Fraxinus americana (White Ash)
|Also known as:|
|Life cycle:||perennial woody|
|Habitat:||sun; mesic forest|
|Plant height:||50 to 100 feet|
|Wetland Indicator Status:||GP: FACU MW: FACU NCNE: FACU|
|MN county distribution (click map to enlarge):|
|National distribution (click map to enlarge):|
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Flowers are borne on feathery panicles, several inches across, from leaf axils of one year old branchlets. Male and female flowers occur on separate trees, both lacking petals, the minute calyx in four parts, the male typically with just two, often red or purplish stamens, the female with only a single style. Flowers emerge before the leaves in spring.
Leaves and bark:
Leaves are opposite and pinnately compound, 8 to 12 inches long with 5 to 9 (usually 7) oval to lance-elliptic leaflets. Leaflets are 2½ to 5 inches long and 1 to 2 inches wide with a distinct, ¼ to 1/3 inch, slender stalk, finely toothed edges, tapering to a pointed tip. The upper surface dark green and smooth, the lower surface pale green with short hairs along midvein and at the base of lateral veins.
Branchlets are often stout, smooth, green to brownish or even purplish colored with short, vertical white lenticels (pores) the first year. Branches turn brownish gray, the bark with blocky, diamond shaped ridges with deep furrows between them.
White Ash is a large forest tree that grows over 100 feet tall and 32 inches in diameter at breast height in mesic deciduous forests in Minnesota's southeast and east central counties, and is the largest and least common of our three native ash species. While all three species are very similar, White Ash can easily be distinguished from the other two by the distinctly stalked leaflets. It is also the only ash to develop a fall color that ranges from deep purple to bright red. In winter, the dormant buds most closely resemble Green Ash (Fraxinus pennsylvanica) with chocolate brown buds and the two lateral buds tight against the terminal bud, but the leaf scars of the lateral buds of White Ash are deeply crescent shaped and narrower. As an urban tree, it has been less frequently planted than cultivars of Green Ash, but like them, all the selected cultivars are males and so will rarely be observed with pistillate flowers or seeds in urban plantings. Unfortunately, it is highly susceptible to the destructive emerald ash borer to which it and all ash in North America will likely eventually succumb.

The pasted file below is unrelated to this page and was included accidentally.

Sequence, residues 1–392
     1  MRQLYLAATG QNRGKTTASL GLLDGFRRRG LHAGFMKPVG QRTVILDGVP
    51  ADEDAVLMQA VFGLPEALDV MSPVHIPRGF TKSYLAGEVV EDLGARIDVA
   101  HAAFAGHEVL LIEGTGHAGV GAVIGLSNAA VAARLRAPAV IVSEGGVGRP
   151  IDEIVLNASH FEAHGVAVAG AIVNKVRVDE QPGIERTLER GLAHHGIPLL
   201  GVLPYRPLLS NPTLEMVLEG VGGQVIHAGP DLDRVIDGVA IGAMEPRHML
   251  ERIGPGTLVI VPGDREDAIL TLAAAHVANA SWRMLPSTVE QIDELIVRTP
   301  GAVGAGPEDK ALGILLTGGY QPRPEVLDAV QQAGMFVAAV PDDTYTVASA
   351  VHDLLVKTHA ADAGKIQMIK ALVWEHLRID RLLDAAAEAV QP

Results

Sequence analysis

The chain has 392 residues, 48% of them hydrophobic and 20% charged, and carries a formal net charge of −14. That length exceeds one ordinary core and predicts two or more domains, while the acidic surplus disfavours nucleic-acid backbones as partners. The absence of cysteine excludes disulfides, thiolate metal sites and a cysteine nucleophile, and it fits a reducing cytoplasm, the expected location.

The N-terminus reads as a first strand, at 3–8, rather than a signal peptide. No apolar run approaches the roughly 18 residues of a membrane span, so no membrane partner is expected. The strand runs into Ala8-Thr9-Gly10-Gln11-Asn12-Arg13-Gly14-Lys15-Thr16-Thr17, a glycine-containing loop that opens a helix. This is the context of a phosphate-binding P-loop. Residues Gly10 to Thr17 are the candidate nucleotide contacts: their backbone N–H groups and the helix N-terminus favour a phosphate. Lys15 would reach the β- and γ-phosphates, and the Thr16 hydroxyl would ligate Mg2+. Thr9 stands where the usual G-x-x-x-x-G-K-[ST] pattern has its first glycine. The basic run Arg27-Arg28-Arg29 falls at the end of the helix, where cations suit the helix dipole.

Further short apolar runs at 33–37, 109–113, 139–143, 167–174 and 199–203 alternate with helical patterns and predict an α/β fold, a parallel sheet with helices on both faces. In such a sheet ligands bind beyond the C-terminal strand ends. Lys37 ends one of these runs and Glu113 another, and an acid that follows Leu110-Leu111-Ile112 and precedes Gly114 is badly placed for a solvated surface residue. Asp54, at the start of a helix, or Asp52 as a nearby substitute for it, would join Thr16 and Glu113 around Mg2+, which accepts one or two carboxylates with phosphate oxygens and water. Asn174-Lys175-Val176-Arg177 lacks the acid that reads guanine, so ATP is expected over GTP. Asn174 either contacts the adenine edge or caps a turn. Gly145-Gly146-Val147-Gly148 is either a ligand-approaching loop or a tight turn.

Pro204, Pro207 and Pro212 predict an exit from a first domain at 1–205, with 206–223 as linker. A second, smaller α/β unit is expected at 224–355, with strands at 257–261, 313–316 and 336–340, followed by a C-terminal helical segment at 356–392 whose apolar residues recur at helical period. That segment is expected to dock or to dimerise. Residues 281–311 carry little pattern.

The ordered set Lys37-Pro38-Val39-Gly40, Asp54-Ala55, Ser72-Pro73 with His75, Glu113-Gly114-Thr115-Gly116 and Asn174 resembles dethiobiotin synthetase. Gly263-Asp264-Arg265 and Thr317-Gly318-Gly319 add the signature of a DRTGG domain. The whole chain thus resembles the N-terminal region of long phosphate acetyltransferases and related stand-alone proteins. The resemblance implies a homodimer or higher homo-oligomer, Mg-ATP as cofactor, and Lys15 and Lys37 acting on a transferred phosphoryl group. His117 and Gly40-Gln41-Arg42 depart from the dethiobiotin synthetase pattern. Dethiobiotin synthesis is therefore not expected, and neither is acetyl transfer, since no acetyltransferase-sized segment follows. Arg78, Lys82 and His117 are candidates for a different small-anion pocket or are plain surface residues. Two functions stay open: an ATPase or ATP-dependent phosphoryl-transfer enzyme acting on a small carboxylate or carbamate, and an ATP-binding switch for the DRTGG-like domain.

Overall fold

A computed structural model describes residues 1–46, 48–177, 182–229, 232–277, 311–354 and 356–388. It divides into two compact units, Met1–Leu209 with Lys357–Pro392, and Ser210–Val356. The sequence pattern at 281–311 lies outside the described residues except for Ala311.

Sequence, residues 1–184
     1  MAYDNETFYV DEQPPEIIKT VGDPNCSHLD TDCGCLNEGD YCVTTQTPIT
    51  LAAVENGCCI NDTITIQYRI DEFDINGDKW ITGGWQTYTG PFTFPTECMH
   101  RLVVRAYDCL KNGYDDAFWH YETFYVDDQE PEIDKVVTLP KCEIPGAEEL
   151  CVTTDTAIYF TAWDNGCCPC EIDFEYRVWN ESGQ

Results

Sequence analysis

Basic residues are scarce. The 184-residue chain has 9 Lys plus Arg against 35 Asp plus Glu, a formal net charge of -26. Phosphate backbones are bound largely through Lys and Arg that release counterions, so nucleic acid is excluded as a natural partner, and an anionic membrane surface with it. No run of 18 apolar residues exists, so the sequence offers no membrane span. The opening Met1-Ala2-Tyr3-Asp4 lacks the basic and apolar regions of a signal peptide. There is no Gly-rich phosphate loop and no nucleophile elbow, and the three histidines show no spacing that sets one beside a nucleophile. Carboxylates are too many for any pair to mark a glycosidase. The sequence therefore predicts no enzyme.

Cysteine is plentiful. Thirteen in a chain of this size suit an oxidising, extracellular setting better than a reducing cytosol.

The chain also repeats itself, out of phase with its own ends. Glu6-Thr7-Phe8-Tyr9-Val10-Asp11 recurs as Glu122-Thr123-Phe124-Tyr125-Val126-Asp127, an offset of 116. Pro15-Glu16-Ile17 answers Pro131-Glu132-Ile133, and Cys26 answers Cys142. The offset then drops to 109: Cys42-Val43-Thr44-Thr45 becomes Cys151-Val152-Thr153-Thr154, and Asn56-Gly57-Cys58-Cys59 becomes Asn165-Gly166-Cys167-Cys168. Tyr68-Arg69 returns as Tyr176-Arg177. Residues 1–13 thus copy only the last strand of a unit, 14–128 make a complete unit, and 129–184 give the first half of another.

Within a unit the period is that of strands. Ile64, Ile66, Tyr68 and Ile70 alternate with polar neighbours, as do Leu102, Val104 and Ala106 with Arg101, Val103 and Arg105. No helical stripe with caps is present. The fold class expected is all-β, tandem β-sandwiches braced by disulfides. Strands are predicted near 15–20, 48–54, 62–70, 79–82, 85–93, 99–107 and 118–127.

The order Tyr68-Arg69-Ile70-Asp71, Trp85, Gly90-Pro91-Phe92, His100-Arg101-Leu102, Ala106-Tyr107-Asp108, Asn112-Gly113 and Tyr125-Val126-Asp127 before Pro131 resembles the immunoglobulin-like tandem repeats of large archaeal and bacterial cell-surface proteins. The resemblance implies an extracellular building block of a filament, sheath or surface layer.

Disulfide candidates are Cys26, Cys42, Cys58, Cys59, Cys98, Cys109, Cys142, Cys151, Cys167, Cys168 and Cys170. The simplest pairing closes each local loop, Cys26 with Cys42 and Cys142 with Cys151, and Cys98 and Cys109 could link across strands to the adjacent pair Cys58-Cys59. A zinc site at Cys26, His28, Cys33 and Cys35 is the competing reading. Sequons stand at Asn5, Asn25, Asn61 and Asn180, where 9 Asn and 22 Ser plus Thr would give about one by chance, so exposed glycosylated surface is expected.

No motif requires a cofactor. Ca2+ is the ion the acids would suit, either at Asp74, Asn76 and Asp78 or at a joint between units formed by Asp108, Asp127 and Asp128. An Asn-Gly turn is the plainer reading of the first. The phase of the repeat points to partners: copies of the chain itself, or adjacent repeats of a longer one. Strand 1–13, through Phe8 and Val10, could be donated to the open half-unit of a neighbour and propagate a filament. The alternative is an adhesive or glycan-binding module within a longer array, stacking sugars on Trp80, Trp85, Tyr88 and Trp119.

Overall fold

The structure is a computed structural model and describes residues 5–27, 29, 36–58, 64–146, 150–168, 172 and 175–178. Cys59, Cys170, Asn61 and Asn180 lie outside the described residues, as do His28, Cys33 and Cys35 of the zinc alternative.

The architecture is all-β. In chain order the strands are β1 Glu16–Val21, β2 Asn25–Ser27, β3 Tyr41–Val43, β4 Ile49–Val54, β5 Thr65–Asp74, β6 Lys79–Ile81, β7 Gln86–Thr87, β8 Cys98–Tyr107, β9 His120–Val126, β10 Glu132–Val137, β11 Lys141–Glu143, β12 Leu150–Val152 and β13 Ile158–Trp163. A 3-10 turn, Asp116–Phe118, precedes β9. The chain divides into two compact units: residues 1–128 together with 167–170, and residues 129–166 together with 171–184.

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- White Ash tree
- White Ash in a residential landscape
- twig and crescent-shaped bud scar
- crown branches
- fall color
- fall color
- leaflet underside
- more leaves
- White, Black and Green Ash leaflet comparisons
- White, Black and Green Ash terminal bud comparisons
- White, Black and Green Ash leaf scar comparisons
Photos courtesy Peter M. Dziuk taken in Ramsey County.
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